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Camera Reviews > Olympus C-8080 WZ
Olympus C-8080 WZ Review
Date: June 11, 2004
Amateur - Prosumer
HANDLING & FEEL
12.1mm, Program, Pattern, 1/160 sec., F2.8 and
The Olympus Camedia C-8080 Wide-Zoom innovates
in body design with a brand new look. At 124W
x 84.5H x 99D mm (4.9W x 3.3H x 3.9D in.), it's
one of the larger 8MP digital cameras. With a
large lens barrel and tall body, handling feels
sure and comfortable. It comes in a professional
black finish that feels tough and very high quality,
the best of the current 8MP crowd.
There's no doubt that Olympus engineers have
decided to rethink the traditional placement of
controls, as most reviewers have found out. Some
have dismissed the new layout design out of hand
because, as with any new design, it does take
some time to get used to the operation of the
C-8080, especially its Menu System. One of the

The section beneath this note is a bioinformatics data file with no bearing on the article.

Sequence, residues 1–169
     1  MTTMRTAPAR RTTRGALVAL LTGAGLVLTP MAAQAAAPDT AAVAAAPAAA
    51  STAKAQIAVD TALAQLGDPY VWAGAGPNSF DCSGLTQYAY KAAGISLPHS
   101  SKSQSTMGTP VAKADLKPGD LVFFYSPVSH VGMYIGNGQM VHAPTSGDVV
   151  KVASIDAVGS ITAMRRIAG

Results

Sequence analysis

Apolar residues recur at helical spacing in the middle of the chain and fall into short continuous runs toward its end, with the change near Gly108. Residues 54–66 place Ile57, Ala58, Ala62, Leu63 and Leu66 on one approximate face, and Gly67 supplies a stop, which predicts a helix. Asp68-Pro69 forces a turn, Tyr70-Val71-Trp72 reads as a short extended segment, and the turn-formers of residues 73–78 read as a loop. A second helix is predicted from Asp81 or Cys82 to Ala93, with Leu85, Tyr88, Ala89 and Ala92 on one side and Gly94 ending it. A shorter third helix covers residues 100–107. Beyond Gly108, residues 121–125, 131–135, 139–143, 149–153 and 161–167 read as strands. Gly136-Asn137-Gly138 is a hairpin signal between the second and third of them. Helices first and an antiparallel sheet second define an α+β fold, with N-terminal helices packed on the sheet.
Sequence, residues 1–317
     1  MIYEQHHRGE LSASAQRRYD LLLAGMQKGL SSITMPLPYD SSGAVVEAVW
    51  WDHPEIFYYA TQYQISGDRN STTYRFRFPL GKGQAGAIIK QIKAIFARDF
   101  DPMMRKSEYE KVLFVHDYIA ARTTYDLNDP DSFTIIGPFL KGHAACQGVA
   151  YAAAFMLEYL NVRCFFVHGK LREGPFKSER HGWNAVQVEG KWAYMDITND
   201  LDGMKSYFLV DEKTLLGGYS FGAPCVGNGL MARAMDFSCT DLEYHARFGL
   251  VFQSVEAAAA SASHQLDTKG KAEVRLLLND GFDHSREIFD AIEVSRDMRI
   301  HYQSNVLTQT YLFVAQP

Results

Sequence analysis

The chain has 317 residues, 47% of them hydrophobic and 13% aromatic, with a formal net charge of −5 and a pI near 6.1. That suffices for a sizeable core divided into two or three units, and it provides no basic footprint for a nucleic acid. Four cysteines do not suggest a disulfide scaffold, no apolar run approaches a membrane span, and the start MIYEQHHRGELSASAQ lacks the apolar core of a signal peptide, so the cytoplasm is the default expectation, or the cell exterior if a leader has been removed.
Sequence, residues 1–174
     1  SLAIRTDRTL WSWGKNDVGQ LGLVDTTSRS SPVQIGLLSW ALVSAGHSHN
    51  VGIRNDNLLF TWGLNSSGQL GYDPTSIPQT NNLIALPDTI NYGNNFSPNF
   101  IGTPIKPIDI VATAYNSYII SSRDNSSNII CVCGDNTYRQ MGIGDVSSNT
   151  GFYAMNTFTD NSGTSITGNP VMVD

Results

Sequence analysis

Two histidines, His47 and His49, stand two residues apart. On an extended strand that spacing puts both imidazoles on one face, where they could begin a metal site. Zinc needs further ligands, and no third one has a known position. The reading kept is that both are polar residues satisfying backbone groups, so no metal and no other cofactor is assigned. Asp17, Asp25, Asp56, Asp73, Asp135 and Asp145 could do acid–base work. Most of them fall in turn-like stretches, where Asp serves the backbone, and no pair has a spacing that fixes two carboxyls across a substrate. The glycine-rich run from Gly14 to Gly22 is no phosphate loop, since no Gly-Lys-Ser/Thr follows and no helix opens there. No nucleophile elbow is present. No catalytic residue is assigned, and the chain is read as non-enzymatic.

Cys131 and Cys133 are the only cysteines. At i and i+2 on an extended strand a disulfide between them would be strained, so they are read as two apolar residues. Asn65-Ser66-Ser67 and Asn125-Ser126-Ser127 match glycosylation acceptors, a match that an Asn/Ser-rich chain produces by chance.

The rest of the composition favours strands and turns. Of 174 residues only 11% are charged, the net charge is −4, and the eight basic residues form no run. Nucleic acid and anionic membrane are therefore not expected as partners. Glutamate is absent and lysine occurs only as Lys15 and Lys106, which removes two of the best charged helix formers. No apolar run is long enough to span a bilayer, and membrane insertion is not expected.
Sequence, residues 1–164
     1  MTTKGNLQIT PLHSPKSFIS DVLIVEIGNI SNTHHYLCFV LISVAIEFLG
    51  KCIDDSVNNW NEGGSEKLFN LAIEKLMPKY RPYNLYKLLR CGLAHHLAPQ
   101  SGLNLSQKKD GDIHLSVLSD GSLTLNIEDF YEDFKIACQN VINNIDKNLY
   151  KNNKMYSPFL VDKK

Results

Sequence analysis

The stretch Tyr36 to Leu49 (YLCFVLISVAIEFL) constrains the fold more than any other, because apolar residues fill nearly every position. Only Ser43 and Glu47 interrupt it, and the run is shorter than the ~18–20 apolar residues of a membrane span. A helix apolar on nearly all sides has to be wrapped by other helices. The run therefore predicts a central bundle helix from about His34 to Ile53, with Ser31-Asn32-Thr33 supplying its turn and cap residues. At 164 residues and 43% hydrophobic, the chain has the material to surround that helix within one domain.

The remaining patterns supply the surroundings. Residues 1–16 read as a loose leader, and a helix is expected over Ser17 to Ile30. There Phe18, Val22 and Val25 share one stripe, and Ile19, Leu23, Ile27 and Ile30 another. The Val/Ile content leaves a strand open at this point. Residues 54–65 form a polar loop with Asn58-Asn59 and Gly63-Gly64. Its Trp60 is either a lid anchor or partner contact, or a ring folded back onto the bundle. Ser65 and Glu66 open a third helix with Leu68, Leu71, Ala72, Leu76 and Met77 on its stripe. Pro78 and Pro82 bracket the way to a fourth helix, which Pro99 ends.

reasons why I like to review one camera at a time
is because it gives me plenty of time to get to
know the camera quite well in the space of 2-3
weeks. This cannot happen if I am carrying two
or more cameras with me and switching from one
to the other all the time. My personal bias will
automatically favour the one I feel most comfortable
with and look at the others unfavourably.
The Olympus C-8080 has a nice sculpted handgrip
which is comfortable and allows unimpeded reach
of the controls on top of the camera. However,
because the handgrip is not deep, carrying the
camera in one hand, holding it by the handgrip
(as I like to do), does not feel too safe because
it starts to slip out of my hand. So I find myself
carrying the C-8080 by its lens barrel instead,
which is also quite comfortable. The C-8080 comes
with a nice neck strap for those who prefer to
carry their camera this way.